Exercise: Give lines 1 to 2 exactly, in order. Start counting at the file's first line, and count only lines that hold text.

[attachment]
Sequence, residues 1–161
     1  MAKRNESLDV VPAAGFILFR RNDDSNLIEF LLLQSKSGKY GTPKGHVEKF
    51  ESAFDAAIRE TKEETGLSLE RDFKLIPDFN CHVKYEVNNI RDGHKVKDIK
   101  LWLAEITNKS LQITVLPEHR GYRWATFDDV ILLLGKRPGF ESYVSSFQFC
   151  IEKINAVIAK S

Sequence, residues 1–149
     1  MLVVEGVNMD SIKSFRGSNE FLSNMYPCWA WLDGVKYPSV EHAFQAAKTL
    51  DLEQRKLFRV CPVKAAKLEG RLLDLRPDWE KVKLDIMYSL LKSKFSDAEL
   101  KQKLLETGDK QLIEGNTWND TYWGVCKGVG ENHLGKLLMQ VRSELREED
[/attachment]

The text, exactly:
Sequence, residues 1–161
     1  MAKRNESLDV VPAAGFILFR RNDDSNLIEF LLLQSKSGKY GTPKGHVEKF